In November, the World Health Organisation hosted in collaboration with other international organizations, the first Global Conference on Air Pollution and Health. The conference is the result of a long-standing interest from WHO in air pollution and gathered together leaders in the field in trying to put forward a strategy to tackle air pollution. Under the headline “Improving air quality, tackling climate change – saving lives”, the conference aimed to bring a sense of urgency on the impacts of air pollution on both #health and #environment. Looking at the unfolding of the meeting, three aspects stand out:
1. Awareness campaign
While the event was ground-breaking, the global campaign to raise awareness of air pollution as a global health issue has not made much noise, unlike say the campaign for reducing plastic pollution. WHO took the event as an opportunity to invite more cities and countries to join the #BreatheLife global campaign. The conference calls for renewed attention to the #BreatheLife campaign, aiming to reach 500 BreatheLife cities and 20 states by 2020, that commit to achieving WHO air quality guidelines levels by 2030.
2. Corporate involvement
There was a lack of focus on the role of businesses on the issue and a lack of engagement from business leaders with the event. This is a loss for both sides, as a productive discussion on solutions to reducing poor air quality and combating air pollution needs to include businesses. In this sense, the conference organisers missed a key player, while corporations missed an opportunity to engage with an issue that either matters or will matter more to consumers.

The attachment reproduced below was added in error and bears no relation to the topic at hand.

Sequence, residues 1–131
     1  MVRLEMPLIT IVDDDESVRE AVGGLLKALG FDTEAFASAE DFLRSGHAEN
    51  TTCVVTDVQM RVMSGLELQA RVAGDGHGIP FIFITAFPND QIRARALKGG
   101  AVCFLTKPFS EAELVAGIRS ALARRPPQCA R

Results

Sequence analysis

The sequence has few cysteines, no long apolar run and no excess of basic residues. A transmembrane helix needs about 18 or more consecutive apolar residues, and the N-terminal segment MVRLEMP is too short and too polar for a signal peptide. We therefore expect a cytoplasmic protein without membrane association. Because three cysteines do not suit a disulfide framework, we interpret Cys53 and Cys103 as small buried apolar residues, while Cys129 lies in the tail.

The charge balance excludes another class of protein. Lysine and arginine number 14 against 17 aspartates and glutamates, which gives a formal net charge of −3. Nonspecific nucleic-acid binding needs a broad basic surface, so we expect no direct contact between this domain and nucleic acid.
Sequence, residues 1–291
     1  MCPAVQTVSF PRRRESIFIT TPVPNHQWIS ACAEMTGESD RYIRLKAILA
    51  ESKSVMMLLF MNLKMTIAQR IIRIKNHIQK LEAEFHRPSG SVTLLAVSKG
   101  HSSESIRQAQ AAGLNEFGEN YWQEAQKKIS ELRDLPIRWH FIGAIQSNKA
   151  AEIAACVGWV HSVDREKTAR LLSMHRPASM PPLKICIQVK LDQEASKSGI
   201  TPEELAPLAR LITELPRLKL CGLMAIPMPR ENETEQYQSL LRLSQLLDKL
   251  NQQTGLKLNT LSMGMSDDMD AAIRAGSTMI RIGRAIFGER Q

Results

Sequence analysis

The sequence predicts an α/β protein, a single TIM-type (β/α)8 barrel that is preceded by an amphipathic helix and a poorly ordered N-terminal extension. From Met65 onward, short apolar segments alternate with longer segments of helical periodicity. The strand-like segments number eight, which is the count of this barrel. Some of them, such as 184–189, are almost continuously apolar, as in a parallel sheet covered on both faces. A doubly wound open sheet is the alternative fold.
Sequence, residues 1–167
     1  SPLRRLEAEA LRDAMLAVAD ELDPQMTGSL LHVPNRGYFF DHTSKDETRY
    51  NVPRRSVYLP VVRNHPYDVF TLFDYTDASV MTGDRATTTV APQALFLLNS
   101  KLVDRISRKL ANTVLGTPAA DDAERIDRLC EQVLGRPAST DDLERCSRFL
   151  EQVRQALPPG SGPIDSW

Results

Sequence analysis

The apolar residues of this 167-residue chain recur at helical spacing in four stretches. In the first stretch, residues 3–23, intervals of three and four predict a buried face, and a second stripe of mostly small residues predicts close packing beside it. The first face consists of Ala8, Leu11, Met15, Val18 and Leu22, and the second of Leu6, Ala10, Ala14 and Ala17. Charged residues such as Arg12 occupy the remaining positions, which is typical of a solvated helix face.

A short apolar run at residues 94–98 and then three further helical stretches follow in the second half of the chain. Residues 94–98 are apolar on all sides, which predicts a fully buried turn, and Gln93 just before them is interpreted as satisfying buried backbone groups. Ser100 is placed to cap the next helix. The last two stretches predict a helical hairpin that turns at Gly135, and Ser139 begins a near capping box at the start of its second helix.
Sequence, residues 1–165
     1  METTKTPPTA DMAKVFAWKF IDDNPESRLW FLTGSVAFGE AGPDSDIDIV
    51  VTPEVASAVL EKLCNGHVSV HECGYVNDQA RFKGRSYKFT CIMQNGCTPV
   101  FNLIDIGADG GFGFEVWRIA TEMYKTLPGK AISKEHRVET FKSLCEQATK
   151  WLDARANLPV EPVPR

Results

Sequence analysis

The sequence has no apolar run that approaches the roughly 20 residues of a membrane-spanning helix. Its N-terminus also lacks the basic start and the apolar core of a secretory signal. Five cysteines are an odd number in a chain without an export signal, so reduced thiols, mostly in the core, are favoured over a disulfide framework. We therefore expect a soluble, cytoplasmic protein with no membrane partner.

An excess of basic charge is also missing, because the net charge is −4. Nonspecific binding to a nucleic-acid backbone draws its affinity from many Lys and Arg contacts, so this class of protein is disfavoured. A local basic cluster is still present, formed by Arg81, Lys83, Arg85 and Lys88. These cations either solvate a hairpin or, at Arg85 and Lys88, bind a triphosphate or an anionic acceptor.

3. Agenda setting
With this event, WHO managed to take the problem of air pollution from the realm of domestic politics (e.g. public health) and put it on the agenda of global politics. It reinforces the argument that air pollution is a worldwide health concern and convinced stakeholders to treat it as such. This also shows a commitment from WHO in taking the lead and providing an environment to discuss potential solutions, giving it enough space on the agenda.
Overall, the conference acted as an opportunity for reflection and a call to action on the issue of climate-related health concerns. There is a lot to be done in this area regarding real measures to help reach the aim of reducing a third of air pollution-related death rates by 2030. Commitments from national governments and a dialogue with industries should be the next step in moving closer to that goal.